Antonio Balestra (Verona 1666 – 1740), Sketch for the altarpiece in the church of San Gregorio al Celio

Artist: ANTONIO BALESTRA (Verona 1666 – 1740)
Title: Sketch for the altarpiece in the church of San Gregorio al Celio
Medium: Oil on canvas
Dimensions: 113 x 55,5 cm
Period: 1700

This painting is subject to notification by the Ministry of Cultural Heritage and Activities and ABAP Superintendency of Turin, with a declaration of cultural interest to protect the historical and artistic heritage.

A high-caliber Venetian figure, Angelo Maria Querini (1680-1755), who was elevated to the rank of cardinal in 1727, had sought out Balestra for the Roman altarpiece. This painting, belonging to the Giamblanco Gallery that is presented here, is linked to that prestigious commission. In fact, there are few differences with the final version: the compositional setting and the position of the main characters appear to be completely overlapping, except that Gregory the Great’s right hand will be lowered, ready to write on the heavy book that an angel laboriously holds up for him. In this small canvas, a companion of  Gregory the Great occupies the lower left corner, as if to guard over the three Crowns that the Father of the Church seems to have abandoned on earth; all intent is on grasping the concept of the dove of the Holy Spirit. The Child Jesus frees himself from his mother’s grasp, in a spontaneous and somewhat disjointed pose, which will be further enhanced in the Roman altarpiece. The greatest variation is found at the top right, where an adolescent angel holds a drape, as an improvised canopy for the celestial apparition. This detail will be replaced by two smaller and playful winged infants in the larger edition.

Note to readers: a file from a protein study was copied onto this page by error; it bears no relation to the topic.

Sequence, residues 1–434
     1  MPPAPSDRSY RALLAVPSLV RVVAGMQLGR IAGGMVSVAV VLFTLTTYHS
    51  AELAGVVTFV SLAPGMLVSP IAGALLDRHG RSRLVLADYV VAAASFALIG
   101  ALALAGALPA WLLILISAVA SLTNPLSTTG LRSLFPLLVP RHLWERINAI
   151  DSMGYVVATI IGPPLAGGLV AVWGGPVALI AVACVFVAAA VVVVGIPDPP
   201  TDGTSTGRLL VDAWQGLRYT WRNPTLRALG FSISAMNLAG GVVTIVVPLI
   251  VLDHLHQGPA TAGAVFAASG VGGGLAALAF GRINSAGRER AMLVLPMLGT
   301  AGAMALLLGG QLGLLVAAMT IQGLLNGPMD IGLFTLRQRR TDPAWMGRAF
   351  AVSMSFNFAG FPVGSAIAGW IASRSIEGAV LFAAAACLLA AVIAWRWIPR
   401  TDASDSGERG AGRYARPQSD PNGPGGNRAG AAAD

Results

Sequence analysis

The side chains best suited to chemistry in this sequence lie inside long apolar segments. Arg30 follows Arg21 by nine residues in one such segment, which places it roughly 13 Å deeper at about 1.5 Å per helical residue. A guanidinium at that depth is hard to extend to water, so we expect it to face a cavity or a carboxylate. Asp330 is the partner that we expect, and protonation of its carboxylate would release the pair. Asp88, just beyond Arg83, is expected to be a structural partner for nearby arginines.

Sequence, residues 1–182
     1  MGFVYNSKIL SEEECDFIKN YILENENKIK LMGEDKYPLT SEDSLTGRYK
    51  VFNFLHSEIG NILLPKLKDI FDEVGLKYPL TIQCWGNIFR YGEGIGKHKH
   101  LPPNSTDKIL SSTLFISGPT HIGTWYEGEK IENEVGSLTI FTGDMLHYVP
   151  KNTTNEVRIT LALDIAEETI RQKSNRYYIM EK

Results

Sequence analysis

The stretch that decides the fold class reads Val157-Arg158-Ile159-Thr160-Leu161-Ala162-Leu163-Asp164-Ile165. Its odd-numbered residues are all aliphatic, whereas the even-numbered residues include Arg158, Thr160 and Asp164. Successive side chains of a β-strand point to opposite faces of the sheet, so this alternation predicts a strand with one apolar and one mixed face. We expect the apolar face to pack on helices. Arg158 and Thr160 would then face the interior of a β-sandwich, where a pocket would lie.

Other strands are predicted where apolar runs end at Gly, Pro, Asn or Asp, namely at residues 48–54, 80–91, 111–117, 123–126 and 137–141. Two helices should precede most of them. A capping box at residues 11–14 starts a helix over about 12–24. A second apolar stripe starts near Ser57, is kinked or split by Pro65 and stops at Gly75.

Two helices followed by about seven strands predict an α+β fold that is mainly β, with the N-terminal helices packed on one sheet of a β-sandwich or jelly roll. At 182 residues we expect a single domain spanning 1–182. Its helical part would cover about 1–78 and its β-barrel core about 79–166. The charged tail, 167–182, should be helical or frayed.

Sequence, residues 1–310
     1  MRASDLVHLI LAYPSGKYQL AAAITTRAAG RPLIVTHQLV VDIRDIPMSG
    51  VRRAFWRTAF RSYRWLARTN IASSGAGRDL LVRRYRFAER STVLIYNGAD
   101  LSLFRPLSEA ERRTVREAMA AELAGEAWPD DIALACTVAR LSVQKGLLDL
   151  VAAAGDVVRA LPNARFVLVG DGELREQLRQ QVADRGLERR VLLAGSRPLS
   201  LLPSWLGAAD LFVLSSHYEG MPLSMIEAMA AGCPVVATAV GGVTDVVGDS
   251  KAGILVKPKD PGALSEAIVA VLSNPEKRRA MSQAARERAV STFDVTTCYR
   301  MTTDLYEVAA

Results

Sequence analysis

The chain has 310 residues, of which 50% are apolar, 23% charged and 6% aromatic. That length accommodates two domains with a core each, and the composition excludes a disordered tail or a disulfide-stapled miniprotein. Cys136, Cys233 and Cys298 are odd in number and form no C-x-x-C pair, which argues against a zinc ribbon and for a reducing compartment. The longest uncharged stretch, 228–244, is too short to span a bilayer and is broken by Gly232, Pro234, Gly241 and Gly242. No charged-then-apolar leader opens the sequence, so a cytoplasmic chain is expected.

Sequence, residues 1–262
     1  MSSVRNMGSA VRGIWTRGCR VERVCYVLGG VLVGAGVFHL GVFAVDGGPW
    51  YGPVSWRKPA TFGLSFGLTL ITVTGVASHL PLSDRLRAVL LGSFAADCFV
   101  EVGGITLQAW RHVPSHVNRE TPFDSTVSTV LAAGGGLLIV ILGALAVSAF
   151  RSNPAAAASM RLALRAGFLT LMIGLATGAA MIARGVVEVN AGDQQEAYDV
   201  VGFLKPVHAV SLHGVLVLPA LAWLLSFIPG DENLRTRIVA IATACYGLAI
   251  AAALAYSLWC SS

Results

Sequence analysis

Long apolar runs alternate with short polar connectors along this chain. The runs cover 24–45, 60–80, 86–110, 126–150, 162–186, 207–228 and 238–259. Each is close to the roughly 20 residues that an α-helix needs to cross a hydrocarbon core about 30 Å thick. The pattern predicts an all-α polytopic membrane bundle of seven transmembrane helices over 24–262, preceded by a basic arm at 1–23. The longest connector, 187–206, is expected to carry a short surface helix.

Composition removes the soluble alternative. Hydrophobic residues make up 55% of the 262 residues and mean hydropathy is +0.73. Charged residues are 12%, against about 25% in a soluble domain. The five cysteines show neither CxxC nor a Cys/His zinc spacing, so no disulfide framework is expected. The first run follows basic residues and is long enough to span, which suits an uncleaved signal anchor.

A number of features allows this canvas too, to be attributed to the hand of Antonio Balestra: the drawing precision; the careful coating of matter, yet full-bodied; the sensitive direction of light, as revealed by the inlays of light and shadow that define the Child’s body; the face of Saint Andrew, modelled in color notches; the surplice of St. Gregory, whose candour is virtuosically rendered with “soiled” colours; the beautiful creativeness of the angel at the top, who offers us his soft back in full light.